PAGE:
A year and a half after the death of DJ Arafat, Muriel Champy, lecturer in anthropology at the University of Aix-Marseille University, looks back on the legendary career of the artist.
For a whole popular youth, the Ivorian offbeat cut artist, tragically deceased in 2019, embodied social ascension through irreverence to standards and emancipation through the implementation of a frenzied individualism.
During my research stays in Ouagadougou (Burkina Faso) between 2008 and 2018, the Ivorian quirky coupe artist DJ Arafat continually fed the sounds of the city: he constituted the omnipresent sound background, his escapades and his clashes were commented on at the 'infinite.
The artist was sometimes described as a “bandit”, a term used locally to designate delinquents, but also the marginalized, the free thinkers, those who free themselves from norms and leave the beaten track; so many attributes that the late DJ Arafat intended to embody. How did this “bandit” and his character mark the country to the point of becoming a symbol of both neoliberal and protest?
A little nouchi
Above all, DJ Arafat knew how to build his legend as being that of a “little nouchi” among others, who became “Zeus of Africa” thanks to an innate talent and an unfailing will.
Designating the “petty delinquent” in Abidjan slang, the term nouchi ended up encompassing all the young people who actively frequent the street, and therefore the majority of urban young people from working-class neighborhoods.
Due to the fact that he grew up in the popular district of Yopougon, the success of DJ Arafat is thus experienced as that of all the nouchi, in short, of all the little bandits of everyday life.
DJ Arafat signed his first success in 2003, at the age of 17: his tribute to Jonathan celebrates the memory of a DJ friend who died in a motorcycle accident.
DJ Arafat died on August 12, 2019 in Abidjan, at the age of 33, while demonstrating by pitching up his motorcycle at full speed (his last hit was called "Moto Moto").
This accident leaves orphans her five children, born to four different mothers. But also street children, whom he supported through ad hoc initiatives and which he planned to perpetuate by creating a foundation to "help widows, orphans, street children". And of course, his millions of "fanatics", whom he affectionately called "People's China", "because there are so many of them."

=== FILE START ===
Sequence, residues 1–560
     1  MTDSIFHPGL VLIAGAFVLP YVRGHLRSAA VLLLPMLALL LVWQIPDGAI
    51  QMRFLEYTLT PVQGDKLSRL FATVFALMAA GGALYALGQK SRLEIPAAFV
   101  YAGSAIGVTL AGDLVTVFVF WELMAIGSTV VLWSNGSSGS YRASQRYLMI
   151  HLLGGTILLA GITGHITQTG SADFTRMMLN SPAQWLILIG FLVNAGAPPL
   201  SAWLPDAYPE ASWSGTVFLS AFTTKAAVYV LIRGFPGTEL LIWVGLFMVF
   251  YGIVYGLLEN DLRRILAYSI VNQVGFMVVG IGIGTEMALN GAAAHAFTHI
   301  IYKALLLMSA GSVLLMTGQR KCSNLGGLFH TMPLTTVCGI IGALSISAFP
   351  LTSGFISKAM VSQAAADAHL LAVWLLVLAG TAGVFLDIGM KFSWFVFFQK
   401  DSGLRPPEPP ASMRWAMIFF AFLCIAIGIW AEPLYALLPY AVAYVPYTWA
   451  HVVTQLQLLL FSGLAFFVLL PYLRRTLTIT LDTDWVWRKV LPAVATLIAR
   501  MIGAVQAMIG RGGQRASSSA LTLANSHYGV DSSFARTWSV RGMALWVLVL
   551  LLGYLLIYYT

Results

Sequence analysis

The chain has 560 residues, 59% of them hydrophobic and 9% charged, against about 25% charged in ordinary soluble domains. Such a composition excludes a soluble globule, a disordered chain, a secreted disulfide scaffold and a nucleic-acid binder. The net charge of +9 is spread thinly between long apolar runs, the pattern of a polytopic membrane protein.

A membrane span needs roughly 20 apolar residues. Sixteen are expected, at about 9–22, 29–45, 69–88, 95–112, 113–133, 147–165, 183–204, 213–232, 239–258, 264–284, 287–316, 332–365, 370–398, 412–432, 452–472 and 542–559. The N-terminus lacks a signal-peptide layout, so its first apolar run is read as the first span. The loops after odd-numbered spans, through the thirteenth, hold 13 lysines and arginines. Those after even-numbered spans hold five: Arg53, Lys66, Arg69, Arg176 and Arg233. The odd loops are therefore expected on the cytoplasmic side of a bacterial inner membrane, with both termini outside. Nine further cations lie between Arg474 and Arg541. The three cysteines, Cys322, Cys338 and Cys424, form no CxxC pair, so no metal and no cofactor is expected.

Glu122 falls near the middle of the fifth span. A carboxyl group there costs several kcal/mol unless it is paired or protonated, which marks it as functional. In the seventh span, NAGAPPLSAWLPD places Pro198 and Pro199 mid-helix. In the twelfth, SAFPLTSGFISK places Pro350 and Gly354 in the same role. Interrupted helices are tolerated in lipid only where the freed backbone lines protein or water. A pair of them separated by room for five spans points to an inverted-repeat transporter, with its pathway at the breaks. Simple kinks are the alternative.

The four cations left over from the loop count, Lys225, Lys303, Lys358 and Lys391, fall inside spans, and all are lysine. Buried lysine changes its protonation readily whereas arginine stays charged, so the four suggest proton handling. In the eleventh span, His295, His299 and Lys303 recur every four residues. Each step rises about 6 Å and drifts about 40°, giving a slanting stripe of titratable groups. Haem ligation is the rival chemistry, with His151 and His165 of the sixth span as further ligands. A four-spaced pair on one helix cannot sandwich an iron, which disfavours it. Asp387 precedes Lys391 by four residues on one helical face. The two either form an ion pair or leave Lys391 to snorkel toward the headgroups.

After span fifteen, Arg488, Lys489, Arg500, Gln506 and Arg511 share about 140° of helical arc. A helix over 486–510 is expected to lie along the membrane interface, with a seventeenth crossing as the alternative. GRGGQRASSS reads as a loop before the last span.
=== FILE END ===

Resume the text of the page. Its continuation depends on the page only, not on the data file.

The king of the quirky coupe
The offbeat coupé was born in the early 2000s in Parisian and London nightclubs frequented by the Ivorian diaspora. there, the singer Douk Saga and all the clique of the "Jet Set", stage their success in "Mbengue" (the world of whites), by ostentatious demonstrations of the attributes of success such as banknotes, gold watches and large cars.
Their music draws from the rhythms of Congolese ndombolo and Ivorian zouglou, while the phrasing is inspired by the repertoire of the DJs who animate the evenings (the atalaku, a term of Congolese origin) by singing the praises of the customers who slipped to them. a few tickets.
"Cut", in Ivorian slang, means to swindle, steal from the snatch, and "to shift" to leave without paying, to scamper away.
Despite these connivances displayed with the world of small-time bandits, this movement embodies above all the rage to succeed, perseverance in the face of obstacles, confidence in one's own worth. Here, success has a moral value: it sanctifies the real fighters. The expression here refers to the logic of a quest, be it for social success or recognition.
At the same time, in Abidjan, the young Ange Didier Houon, then aged 14, left school and left his family home shattered by a divorce. It reaches the Yopougon district, famous for the crazy nights of its famous rue Princesse.
Nicknamed "Arafat" by his Lebanese friends because, he said, of his character of "dictator", he then officiates as a DJ in various maquis [bars], earning a few tickets by doing atalaku. After the success of his Homage to Jonathan, he went on tour in Europe, attempted an adventure in France for a while, then settled permanently in Abidjan in 2008.
If he did not invent the offbeat coupe, DJ Arafat knew how to appropriate this musical genre to make it shine well beyond the borders of Côte d'Ivoire, and even the continent. Forbes Africa and Trace Africa in 2015 awarded him the title of most influential African artist internationally.
A daily warrior
DJ Arafat's fame also came from the many “clashes” he had with most of the country's media and artistic personalities, most often through interposed videos.
Thus, his long videos posted daily on social networks combine information on his own activities and aggressive logorrhea against his rivals or detractors of the day, where the alternation between accusations and threats of sodomy are a recurring reason.